The topic has to be something that you are madly passionate about. Something that you love like crazy. There is an audience for every topic under the sun, people will slowly start following you. Don’t worry about likes and follow, worry about a topic that you love with every molecule of your being. Then only will you have a successful blog.

        Liked by 2 people

      13. ajaypadala says:

        How can contact you sir..when i am in problem..i mean how can i text you sir..like email, whatsapp number??

        Liked by 2 people

      14. Trishikh says:

        Go to my contact us page given below and send me a message and will share my contact details with you on email:

        https://storynookonline.com/contact/

        We can take the conversation further from there.

        Liked by 1 person

      15. ajaypadala says:

        I are a expert sir❤..so you tell me one topic with low competition i will research on that i start my blogs on that sir

        Liked by 2 people

      16. Trishikh says:

        No it does not works that way. The topic has to come from your heart. You may not know much about the subject, but you just have to simply love it.

        Liked by 1 person

      17. ajaypadala says:

        Yes sir🙂

        Liked by 2 people

      18. ajaypadala says:

        I am a UG student sir

        Liked by 2 people

      19. Trishikh says:

        My best wishes and blessings are with you for a bright future.

        Liked by 1 person

  23. ellshades says:

    Hi
    It’s a pleasure to read your works.
    I like how you weave in your thoughts and observations and probably a bit of your heart into a story that still has a handsome form.
    Being an Indian, I admire how you present regional flavours. There is both observation and a good command over language to write the way you do and have a distinct voice. I must have already benefitted through the acquaintance.
    Thanks for the share! This time, the story didn’t interest me, but the craft sure did.

    Liked by 4 people

    1. Trishikh says:

      The pleasure is equally mine to be able to bring forth these stories.

      Liked by 1 person

  24. Arpita Banerjee says:

    Your stories have always been my favourite!! Yet another amazing read!! Sharing this on Facebook!! ☺️

    Liked by 4 people

    1. Trishikh says:

      Dear Arpita, thank you so much for always being so supportive of my stories. I am so glad that my writing appeal to you. It is a big honour for me to have my story shared in your FB page. Have a great weekend.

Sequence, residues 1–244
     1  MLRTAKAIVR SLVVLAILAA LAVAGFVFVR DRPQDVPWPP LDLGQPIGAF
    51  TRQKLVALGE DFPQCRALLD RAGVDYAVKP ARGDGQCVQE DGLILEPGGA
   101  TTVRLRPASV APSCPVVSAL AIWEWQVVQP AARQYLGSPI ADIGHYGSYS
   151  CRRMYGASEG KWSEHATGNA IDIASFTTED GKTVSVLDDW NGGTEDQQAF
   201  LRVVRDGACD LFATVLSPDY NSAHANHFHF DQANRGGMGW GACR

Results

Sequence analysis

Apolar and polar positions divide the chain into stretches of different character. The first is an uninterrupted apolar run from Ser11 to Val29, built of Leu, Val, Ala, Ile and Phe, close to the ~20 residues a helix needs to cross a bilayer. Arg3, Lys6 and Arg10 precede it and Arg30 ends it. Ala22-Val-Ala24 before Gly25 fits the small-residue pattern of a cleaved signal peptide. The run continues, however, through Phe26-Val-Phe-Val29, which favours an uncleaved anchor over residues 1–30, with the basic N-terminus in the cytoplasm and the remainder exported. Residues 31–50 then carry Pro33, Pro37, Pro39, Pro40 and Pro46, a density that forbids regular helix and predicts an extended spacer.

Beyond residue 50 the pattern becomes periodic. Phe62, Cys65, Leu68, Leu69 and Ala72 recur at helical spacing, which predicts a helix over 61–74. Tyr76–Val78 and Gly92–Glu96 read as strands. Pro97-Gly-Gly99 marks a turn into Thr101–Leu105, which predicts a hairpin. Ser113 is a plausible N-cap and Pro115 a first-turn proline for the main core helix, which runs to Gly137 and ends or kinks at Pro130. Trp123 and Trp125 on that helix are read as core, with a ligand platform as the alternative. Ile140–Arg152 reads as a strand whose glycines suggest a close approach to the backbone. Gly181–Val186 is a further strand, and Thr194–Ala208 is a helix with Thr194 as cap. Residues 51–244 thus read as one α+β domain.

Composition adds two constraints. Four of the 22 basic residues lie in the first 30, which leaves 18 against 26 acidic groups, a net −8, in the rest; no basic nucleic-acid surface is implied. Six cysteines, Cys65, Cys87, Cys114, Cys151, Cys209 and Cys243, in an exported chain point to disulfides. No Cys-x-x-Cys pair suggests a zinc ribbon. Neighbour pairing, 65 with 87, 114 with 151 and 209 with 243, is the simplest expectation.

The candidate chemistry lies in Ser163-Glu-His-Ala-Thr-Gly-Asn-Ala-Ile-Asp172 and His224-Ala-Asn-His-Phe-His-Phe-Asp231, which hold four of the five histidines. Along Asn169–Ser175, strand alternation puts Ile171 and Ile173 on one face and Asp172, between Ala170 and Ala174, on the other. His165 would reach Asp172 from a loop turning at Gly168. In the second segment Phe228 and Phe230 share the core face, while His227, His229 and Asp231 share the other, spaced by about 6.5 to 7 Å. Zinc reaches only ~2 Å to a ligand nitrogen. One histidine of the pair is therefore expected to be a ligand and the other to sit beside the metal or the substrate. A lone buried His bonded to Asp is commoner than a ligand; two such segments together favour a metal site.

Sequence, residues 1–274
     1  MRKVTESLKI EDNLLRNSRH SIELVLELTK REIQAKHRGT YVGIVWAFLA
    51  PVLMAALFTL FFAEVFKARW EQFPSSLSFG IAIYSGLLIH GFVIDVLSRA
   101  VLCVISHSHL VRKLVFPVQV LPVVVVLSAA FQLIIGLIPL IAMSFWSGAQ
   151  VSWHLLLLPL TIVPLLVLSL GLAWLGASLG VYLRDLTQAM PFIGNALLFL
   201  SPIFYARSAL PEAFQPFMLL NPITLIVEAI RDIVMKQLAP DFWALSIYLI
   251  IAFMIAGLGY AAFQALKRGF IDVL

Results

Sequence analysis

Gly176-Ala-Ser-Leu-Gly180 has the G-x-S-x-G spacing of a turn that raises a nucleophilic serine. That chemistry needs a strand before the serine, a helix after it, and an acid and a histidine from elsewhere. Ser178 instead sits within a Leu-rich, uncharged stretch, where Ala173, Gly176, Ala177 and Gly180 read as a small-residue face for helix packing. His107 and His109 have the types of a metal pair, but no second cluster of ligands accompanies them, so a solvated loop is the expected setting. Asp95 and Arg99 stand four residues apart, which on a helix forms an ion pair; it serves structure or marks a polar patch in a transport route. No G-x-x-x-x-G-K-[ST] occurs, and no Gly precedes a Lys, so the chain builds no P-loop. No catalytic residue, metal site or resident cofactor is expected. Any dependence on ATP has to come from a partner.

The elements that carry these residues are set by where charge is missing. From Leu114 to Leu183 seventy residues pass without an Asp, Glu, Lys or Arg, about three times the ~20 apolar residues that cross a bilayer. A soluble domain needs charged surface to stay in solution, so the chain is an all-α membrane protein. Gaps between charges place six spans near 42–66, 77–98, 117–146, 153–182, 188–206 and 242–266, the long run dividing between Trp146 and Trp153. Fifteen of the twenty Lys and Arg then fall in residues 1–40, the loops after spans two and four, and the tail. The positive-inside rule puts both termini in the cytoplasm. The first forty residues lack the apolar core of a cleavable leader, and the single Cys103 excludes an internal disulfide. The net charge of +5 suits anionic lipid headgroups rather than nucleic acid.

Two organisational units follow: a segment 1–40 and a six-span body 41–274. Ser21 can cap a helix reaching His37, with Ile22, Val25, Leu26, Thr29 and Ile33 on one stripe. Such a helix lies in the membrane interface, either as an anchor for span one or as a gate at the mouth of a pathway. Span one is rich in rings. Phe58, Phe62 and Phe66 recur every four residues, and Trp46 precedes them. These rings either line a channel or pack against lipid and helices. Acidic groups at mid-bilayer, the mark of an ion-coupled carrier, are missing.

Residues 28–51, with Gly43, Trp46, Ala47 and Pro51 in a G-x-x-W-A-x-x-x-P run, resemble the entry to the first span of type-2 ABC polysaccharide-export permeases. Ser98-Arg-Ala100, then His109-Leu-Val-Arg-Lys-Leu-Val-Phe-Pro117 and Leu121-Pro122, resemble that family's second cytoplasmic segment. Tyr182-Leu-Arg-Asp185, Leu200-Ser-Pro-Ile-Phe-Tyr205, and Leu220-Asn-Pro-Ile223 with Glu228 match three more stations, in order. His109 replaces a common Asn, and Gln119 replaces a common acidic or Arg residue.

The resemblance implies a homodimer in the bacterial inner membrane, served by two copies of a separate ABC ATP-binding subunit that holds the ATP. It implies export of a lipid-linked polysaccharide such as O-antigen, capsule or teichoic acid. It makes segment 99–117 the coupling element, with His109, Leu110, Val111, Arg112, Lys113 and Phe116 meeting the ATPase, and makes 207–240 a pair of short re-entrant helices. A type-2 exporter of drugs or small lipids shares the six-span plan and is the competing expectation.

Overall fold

Like

  25. Stories of life are not always so very straightforward are they? So I will ponder the joy and sadness awhile longer. Nonetheless a fine story Trishikh! Each time I read your stories I get a glimpse into a far away land, and I am grateful for every journey.

    Liked by 4 people

    1. Trishikh says:

      Dear Patrick, you are very right, life is not always straightforward. It is usually very complicated and even challenging. I think it is our outlook which makes it liveable and even enjoyable amidst all storms and hardships.

      I am so glad that through my stories you get an opportunity to visit a far away land.

      Thank you for this beautiful comment.

      Liked by 1 person

  26. annieasksyou says:

    Trishikh: You certainly did pack emotional power and a surprise ending into this story. I read with interest your comment that you were leaving it up to the reader to reach a conclusion about the matter. I think that’s wise and adds to the mystery and depth. Faith—or the lack thereof—is so very personal and idiosyncratic after all.

    Liked by 4 people

    1. Trishikh says:

      You are very right Annie, faith is something so personal. So believe in the power of a spiritual guru, while another perhaps worships a rock. All of us have the right to chose that which motivates and helps us carry on.

      My story is just something just happens. I do not know, the unknown why and how.

      Thank you for always being so appreciative of my stories. It really gives me great encouragement.

      Liked by 1 person

    2. Hello dear 👋

      Liked by 1 person

      1. Trishikh says:

        Greetings Tommy.

        Like

  27. Thanks for the follow 🙂

    Liked by 4 people

    1. Trishikh says:

      My pleasure Rosaliene.

      Like

    2. Hello Rosaline 👋

      Liked by 1 person

    1. Trishikh says:

      Thank you so much for promoting my story in your website. Really appreciate the find gesture.

      Like

  28. You made a very unpredictable end to your fictional story. Neither minor nor any of the previous readers have any indications. On a lighter note: The answer/outcome to the prayer, you made in your story is limited and hence you prayed passionately got an answer even though it was not a win!

    Liked by 1 person

    1. Trishikh says:

      That’s a really good observation. Now that I read all the comments on this story, and read the story again and again – I feel, it’s perhaps the deepest and darkest one that I have written. Though there is hardly any gore or violence but it has a lot of darkness. Yes at the same time the story also teaches us to do the right thing no matter what, as you have rightly identified.

      Liked by 1 person

  29. A very thought-provoking story!

    Liked by 1 person

    1. Trishikh says:

      Thank you so much. I always treasure your appreciation.

      Liked by 1 person

  30. I hear u says:

    Your story make me think on Do miracle still happens

    Liked by 2 people

    1. Trishikh says: